Sometimes the person has my interests at heart, but they don't know me as much as they think they do.  Or maybe they've misunderstood me.   

Other times, though, I think these travel advisers are like the man at the library. They're not really wanting to give me advice.  They're wanting to talk about their own past travels. By talking about my travel plans, I'm bringing up a subject they've been itching to talk about. 

All this is fine if I didn't feel so much pressure to please people. 

I actually get nervous about going to Australia and not going to places that people have recommended to me.

I worry they'll feel rejected or take my chosen plans as an insult.

Well...I think what I've learned through life is that people really love to talk about themselves and their experiences.   Sometimes they do this and put it in under the guise of advice. This goes with the subjects of traveling, books, parenting, marriage, and all kinds of things.

I guess my job is to be a good listener. Let them talk.  Then go my own way.

That being said, I'm not exactly going my own way on our next Australia trip. We're going to Melbourne. And part of the reason we're going is I've felt so much pressure to go from various people.

However, the main reason we're going is to visit friends. If they weren't there, I think we'd probably go elsewhere.

Well, and Tim's been wanting to go to Melbourne.   I definitely want to compromise in that regards, since it's nice enough that he's willing to be dragged off to Australia for the third time. 

I do have moments-days—where I get excited about Melbourne, but often I feel apathetic towards it.   It doesn't attract me the way that Sydney does.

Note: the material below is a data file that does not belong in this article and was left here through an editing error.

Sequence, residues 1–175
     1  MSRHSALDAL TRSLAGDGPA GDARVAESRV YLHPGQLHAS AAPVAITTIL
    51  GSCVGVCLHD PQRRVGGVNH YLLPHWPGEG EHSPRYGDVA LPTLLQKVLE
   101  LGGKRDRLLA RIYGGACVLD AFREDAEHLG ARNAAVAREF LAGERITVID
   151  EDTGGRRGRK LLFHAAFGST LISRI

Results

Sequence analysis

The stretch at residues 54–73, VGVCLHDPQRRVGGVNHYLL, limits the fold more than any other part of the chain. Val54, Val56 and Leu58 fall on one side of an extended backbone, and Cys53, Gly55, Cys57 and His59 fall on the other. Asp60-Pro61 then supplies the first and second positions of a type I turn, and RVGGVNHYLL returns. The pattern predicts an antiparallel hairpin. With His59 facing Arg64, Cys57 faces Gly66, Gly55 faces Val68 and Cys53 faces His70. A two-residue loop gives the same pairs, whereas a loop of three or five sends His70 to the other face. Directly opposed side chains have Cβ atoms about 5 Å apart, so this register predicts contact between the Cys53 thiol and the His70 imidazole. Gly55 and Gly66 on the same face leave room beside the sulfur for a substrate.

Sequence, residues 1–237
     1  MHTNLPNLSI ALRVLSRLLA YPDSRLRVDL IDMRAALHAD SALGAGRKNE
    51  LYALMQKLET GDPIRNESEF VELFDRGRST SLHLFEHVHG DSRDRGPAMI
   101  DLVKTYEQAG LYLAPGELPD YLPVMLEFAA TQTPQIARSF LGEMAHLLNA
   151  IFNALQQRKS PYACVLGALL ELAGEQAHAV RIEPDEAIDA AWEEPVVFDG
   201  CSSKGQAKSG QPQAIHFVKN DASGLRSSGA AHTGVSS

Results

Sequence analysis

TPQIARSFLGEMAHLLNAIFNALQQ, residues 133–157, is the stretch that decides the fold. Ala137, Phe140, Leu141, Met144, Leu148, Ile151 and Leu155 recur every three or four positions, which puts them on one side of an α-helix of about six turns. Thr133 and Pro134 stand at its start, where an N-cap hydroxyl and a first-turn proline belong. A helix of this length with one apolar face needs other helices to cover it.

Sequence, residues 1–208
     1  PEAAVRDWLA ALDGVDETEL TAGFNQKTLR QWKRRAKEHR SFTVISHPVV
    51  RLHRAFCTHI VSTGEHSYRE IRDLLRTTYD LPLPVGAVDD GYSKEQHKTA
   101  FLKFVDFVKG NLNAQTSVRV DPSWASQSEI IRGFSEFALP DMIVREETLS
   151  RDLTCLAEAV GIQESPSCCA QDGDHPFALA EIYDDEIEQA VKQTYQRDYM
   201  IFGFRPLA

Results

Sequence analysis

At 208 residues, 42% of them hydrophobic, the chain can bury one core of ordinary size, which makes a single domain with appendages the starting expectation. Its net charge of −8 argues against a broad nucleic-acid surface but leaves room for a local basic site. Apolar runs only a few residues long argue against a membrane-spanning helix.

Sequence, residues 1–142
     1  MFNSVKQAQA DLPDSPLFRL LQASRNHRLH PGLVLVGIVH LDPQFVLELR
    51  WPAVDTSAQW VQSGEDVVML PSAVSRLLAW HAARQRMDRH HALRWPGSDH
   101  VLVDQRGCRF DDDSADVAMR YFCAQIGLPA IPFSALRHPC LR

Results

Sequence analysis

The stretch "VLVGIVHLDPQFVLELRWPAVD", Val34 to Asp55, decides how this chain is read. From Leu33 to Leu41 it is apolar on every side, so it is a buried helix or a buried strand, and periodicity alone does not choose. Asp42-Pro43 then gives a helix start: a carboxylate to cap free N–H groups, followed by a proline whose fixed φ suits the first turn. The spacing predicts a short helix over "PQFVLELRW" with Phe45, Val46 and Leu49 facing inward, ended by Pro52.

I guess what I'm trying to say is it makes me feel better to think that we're going to Melbourne because Tim wants to, and because I want to see our friends.   It makes me feel kind of blah when I imagine we're going to Melbourne because I gave into pressure.

And this is one of those rare cases where I SO want to be totally wrong. I want to love Melbourne and have a great time there. I don't want to go there, have an awful time, and regret that we didn't just spend more time in Sydney. 

In case you didn't know....

I really love Sydney.  

6 comments:

FruitCake said...

I like Belinda Alexandra's books. They are my kind of fiction because they are easy to follow, well written, and have some history woven into the stories.

I don't mind that you like Sydney, Harry Potter and vampire stories. Someone has to.

Perhaps before you go back to the library you should practice speaking non stop for 15 minutes without drawing a breath over the top of someone who is trying to talk to you. Show him that you are not polite and not interested in anything he has to say. When he says "you should read this book" tell him your pet rabbit just died. Ask him has he ever had a pet rabbit and if he tries to answer you tell him you hate red cars. Ask him if he likes red cars then when he tries to answer tell him you hate spiders. If he talks louder, you talk even louder than him. That sort of thing. I know you can do it.

Dina said...

lol.

And I'm laughing because I talk to someone who does exactly that!

Well, not exactly. I don't think she raises her voice. And she breaths. But she does ask question, and then interrupts.

I'm glad we both like Belinda Alexandra. Have you read all of her books? Do you have a favorite?

I think my love for historical fiction is beginning to grow. It's nice to be entertained and educated at the same time.

FruitCake said...